A local area network (LAN) is a system of computers that uses a central
data bank to allow multiple computers to exchange and share information with
Local area network administration technicians (or LAN techs) work to design
and implement these systems. Sometimes they're called computer network administration
technicians. If the network includes computers and offices in separate cities,
the administrator is called a wide area network (WAN) administrator.
"My job is to design and implement LAN infrastructures," says Ibrahim Hamouda.
Hamouda is president of an information technology (IT) company.
Hamouda has several other responsibilities related to keeping the networks
running. He must deploy software to servers and workstations, offer help-desk
support, and keep all the equipment in the network in good health.
On top of all those responsibilities, LAN techs also spend a good part
of their day dealing with people. To be successful in this career, LAN techs
need to have great communication and people skills.
"This area of work can be complex. If you are a people-person who can socialize
and ask for help, then half the battle is already won," says Paul Skrzyniak.
He is co-owner of a computer services business.
While many LAN technicians work in all types of corporate and non-corporate
settings, some are also branching out and starting their own business. In
turn, instead of hiring an in-house IT person, some companies are beginning
to contract out the work to these new businesses.
Those working for specialized computer service and IT companies now work
more regular hours. These businesses are usually open five or six days a week,
during regular business hours.
"However, depending on the company, the hours could involve 24 hours,"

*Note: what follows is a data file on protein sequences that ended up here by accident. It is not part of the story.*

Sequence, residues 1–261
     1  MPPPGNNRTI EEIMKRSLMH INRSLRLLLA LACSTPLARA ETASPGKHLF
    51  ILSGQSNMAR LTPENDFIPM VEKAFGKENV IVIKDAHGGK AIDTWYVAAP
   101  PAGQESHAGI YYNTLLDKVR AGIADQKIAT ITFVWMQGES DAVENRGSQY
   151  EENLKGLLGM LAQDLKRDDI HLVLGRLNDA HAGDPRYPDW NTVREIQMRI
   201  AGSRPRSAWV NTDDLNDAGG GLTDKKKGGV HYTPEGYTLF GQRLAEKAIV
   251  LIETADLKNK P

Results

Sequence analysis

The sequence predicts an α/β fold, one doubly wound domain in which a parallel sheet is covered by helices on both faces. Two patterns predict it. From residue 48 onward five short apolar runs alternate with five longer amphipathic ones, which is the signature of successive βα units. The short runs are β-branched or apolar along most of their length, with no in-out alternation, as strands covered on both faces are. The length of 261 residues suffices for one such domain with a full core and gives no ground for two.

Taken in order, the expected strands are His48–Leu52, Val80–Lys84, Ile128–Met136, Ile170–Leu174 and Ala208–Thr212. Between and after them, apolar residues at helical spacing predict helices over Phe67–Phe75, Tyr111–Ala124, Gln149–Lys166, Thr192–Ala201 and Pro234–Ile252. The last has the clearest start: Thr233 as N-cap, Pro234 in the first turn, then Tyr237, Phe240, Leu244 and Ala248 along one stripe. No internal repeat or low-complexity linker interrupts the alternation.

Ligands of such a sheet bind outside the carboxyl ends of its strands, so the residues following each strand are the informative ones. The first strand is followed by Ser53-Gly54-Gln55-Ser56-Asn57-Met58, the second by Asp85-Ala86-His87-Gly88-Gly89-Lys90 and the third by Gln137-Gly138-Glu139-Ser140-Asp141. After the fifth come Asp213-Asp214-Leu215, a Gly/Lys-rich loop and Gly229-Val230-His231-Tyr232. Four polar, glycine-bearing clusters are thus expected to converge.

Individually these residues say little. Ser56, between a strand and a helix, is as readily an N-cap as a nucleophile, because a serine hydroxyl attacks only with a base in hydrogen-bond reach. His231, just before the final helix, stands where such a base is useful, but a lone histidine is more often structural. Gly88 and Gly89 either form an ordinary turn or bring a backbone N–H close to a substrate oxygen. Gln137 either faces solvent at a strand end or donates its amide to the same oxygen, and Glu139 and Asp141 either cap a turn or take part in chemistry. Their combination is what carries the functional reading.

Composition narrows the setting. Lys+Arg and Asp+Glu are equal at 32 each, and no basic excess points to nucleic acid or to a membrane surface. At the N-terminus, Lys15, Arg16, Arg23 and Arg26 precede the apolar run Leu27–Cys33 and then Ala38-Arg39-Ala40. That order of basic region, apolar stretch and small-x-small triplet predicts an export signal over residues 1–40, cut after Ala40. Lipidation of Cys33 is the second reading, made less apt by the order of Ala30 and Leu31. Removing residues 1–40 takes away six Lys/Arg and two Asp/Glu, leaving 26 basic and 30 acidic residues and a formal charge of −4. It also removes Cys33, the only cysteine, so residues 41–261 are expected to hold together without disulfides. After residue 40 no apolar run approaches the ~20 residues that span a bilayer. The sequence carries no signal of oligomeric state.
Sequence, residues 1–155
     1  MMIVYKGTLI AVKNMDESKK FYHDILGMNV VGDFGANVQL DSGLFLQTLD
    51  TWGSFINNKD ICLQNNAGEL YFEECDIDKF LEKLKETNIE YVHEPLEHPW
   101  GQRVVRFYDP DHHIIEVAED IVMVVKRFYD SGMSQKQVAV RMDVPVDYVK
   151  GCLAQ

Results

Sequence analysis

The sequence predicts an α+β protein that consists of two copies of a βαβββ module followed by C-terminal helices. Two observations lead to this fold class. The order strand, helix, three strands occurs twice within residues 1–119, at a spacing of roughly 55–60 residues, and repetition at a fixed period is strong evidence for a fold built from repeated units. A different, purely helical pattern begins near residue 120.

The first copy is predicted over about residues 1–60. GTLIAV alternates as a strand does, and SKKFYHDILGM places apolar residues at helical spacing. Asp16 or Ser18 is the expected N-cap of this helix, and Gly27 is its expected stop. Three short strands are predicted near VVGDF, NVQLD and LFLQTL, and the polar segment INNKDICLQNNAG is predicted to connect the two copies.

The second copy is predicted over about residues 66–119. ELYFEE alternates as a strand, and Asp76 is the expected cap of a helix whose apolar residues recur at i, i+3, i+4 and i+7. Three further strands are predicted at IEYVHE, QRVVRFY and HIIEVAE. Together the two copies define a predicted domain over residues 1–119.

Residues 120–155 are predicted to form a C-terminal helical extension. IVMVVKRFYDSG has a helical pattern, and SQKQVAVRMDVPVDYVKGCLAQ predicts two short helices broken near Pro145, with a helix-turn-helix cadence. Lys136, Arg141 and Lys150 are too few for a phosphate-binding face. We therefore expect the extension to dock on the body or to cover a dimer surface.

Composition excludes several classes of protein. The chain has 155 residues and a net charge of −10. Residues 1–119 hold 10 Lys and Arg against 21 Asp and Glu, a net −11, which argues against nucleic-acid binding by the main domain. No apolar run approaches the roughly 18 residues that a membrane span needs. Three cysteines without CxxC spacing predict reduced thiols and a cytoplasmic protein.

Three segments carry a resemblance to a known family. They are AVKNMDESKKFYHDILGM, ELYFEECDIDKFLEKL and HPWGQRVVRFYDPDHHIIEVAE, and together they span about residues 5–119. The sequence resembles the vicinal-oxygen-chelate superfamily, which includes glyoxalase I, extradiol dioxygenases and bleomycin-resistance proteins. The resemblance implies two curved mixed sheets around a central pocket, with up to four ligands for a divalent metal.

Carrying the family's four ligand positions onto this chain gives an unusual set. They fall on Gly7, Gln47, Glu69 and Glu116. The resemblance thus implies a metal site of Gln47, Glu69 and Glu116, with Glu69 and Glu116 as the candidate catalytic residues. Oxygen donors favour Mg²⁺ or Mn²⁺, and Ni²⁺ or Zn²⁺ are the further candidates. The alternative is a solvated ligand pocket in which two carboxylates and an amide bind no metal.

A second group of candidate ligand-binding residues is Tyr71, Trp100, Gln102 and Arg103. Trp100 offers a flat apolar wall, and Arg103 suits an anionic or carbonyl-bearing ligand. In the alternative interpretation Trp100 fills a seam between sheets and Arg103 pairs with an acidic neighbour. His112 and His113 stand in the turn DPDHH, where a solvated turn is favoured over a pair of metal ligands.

says Skrzyniak. This takes into account emergency situations.
Some of these businesses also do work for companies all over the world.
Travel can be a big part of the job. "We have clients with branches all over
the world, and it is my responsibility to go to these places to set them up
and connect them to our network," says Hamouda.
The impact of wireless technology on the computer networking world is still
up for debate. Olivier De Wulf says that, yes, wireless has changed this
field of work, but then again, no, it has not. De Wulf is managing partner
of an IT service company in San Francisco, California.
"There are definitely more and more wireless technologies available. We
install a lot of them but it's more as a secondary technology than the main
technology for networking," he says. "Some technologies are, if it's wired,
more stable. If it was wireless, it would be more flexible. So depending on
that, we will use one or the other."
For Skrzyniak, using wireless technology in computer networking has had
its upsides and downsides as well. "Wireless technology has made the networking
field easier in some ways and provided extra work in other ways," he says.
"The painstaking task of running cables through walls and ceilings has
been cut down considerably due to more wireless devices. However, implementing
encrypted security keys for the wireless broadcast signals needs more necessary
attention," says Skrzyniak.
Other challenges have included strengthening wireless signals and increasing
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